Businesses urge Boris Johnson to cut quarantine to five days by Christmas to safeguard billions of pounds in passenger traffic and trade

Britain’s business leaders have written to Boris Johnson urging him to introduce five-day quarantine tests

Britain’s business leaders have written to Boris Johnson urging him to introduce five-day quarantine tests by the start of next month to open up travel in time for Christmas.

Ten leaders of organisations representing travel, tourism, small business, retail and hospitality have told the Prime Minister it is “vital” a testing regime is in place by the end of the second national lockdown, due on December 2.

They warned that without it the UK risked losing not only £121bn in exports to the US and passenger traffic but also our status as the third largest aviation market in the world.

Their appeal comes as the Government’s taskforce on testing, chaired by Matt Hancock, the Health Secretary, and Grant Shapps, the Transport Secretary, is due to present its report to the Prime Minister this week.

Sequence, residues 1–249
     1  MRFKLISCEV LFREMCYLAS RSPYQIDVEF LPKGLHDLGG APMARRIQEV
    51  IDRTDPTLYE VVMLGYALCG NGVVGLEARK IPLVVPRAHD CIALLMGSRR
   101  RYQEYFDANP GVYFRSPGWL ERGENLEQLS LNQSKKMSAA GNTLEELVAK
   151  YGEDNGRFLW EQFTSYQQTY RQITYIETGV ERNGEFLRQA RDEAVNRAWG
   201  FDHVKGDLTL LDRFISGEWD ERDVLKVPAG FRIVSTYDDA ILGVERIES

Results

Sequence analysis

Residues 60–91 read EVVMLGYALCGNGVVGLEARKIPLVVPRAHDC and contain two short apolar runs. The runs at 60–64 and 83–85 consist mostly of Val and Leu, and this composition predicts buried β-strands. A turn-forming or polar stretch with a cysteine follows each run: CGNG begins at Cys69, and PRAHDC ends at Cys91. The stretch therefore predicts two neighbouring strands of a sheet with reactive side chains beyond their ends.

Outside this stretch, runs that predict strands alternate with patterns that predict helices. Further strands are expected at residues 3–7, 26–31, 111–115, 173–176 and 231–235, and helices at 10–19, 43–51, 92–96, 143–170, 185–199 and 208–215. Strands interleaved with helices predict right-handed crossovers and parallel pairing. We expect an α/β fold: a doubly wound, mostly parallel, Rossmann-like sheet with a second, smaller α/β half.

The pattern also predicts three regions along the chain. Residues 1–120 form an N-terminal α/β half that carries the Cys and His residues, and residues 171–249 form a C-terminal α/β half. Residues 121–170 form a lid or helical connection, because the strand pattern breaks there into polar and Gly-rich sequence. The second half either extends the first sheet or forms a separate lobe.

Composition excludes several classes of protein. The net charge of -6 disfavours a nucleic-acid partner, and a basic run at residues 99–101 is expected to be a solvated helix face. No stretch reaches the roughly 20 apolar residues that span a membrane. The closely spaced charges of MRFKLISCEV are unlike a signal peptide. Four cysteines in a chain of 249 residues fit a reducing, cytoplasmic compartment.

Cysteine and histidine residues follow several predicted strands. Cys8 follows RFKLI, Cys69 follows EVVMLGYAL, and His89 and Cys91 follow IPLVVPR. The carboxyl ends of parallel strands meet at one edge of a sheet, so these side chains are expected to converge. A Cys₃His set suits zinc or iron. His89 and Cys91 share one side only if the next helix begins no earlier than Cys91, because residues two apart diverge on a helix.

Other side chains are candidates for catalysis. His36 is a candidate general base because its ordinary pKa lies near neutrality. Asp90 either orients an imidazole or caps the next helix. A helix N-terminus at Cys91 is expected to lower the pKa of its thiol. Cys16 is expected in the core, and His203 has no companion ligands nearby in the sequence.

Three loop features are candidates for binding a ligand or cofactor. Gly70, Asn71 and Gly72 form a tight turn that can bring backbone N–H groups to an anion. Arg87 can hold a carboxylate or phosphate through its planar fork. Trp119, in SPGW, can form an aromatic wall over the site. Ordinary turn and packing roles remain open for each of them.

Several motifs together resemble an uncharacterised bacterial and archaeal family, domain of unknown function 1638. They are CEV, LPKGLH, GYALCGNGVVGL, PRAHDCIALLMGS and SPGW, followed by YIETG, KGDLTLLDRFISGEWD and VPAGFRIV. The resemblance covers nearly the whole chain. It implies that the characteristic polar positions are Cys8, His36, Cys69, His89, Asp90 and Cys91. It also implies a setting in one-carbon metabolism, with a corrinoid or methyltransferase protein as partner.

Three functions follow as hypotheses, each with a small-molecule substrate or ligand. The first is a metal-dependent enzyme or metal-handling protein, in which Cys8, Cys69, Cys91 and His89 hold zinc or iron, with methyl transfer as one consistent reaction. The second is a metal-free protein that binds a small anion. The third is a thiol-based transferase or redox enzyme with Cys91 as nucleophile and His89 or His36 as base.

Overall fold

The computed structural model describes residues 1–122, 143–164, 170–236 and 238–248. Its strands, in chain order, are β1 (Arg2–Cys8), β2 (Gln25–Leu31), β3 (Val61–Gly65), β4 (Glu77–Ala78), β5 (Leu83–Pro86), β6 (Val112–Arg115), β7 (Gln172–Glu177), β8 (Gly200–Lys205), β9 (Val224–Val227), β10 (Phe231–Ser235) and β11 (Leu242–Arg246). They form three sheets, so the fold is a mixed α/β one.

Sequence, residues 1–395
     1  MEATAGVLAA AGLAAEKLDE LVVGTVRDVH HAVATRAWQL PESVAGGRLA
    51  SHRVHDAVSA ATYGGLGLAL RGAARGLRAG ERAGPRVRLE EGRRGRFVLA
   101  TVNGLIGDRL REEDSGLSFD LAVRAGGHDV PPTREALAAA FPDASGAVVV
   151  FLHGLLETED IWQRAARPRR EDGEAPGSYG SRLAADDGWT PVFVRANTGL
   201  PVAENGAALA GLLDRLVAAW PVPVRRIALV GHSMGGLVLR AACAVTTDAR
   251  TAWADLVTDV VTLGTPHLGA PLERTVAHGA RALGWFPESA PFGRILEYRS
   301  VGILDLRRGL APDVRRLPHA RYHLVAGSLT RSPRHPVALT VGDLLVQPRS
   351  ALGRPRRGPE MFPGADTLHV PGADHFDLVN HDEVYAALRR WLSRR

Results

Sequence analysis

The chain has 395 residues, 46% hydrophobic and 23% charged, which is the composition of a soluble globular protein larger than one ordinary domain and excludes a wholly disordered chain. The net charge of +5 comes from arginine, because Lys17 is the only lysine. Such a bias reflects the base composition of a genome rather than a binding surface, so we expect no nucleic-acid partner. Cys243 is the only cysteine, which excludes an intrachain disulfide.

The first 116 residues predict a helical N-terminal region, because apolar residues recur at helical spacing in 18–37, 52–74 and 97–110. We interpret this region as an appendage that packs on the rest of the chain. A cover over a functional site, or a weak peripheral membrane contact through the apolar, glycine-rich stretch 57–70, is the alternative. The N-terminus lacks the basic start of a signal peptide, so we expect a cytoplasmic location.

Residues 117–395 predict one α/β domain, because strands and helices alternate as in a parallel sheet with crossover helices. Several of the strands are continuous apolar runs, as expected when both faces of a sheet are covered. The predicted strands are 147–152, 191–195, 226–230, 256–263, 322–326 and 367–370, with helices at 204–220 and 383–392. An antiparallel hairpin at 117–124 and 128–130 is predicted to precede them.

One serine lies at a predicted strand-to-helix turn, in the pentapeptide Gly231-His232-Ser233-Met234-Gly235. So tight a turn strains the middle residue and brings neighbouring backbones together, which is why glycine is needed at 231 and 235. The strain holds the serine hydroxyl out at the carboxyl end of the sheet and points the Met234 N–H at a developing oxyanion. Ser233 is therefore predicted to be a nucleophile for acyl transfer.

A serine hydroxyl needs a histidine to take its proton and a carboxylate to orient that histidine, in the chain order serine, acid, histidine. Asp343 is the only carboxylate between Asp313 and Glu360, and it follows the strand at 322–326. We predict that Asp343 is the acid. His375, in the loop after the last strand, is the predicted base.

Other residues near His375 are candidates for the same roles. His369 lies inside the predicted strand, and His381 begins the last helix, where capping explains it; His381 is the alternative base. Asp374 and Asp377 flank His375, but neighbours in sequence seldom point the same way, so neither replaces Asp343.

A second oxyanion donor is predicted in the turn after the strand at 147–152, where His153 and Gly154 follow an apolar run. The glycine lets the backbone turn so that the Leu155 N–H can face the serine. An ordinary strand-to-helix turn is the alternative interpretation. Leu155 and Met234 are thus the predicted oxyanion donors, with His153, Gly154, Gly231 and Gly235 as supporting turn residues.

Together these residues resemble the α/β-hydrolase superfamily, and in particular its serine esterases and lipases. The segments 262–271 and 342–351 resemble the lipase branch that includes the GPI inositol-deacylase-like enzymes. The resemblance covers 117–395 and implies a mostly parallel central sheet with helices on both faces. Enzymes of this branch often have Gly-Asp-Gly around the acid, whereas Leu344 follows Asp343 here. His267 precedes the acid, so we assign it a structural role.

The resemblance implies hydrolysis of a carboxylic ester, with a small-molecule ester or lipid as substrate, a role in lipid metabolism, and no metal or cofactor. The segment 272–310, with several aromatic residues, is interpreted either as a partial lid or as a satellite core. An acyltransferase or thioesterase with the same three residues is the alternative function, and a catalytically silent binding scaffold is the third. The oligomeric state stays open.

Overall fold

The business leaders urged Mr Johnson to consider the minimum period of quarantine necessary for release on receipt of a negative test result, citing research by the London School of Tropical Medicine and Hygiene that a fifth day test detected 88 per cent of cases.

They warned that 90 per cent of visitors from the EU and 75 per cent of arrivals from the US spent fewer than seven days in the UK, creating a financial incentive for a shorter period of quarantine.

“For economic recovery, the difference between intervals of a test and release for arrivals from day 1, day 3, day 5 or 7 will make a significant difference in appetite to travel,” said the business executives.

In sum; the work of the Travel Taskforce and implementation of a new testing regime represents a positive first step in supporting UK business and economic recovery. 

For a regime to be truly effective however, it must keep up on a global scale and not be reflective of studies at one moment in time, but a rolling review which can capture new technological developments such as rapid testing. 

“There is also a vital distinction in the impact for economic recovery with passenger appetite to travel in the event of a “isolate and test” model at 5 days or 7 days – we would ask Government to consider this in the course of its review.”

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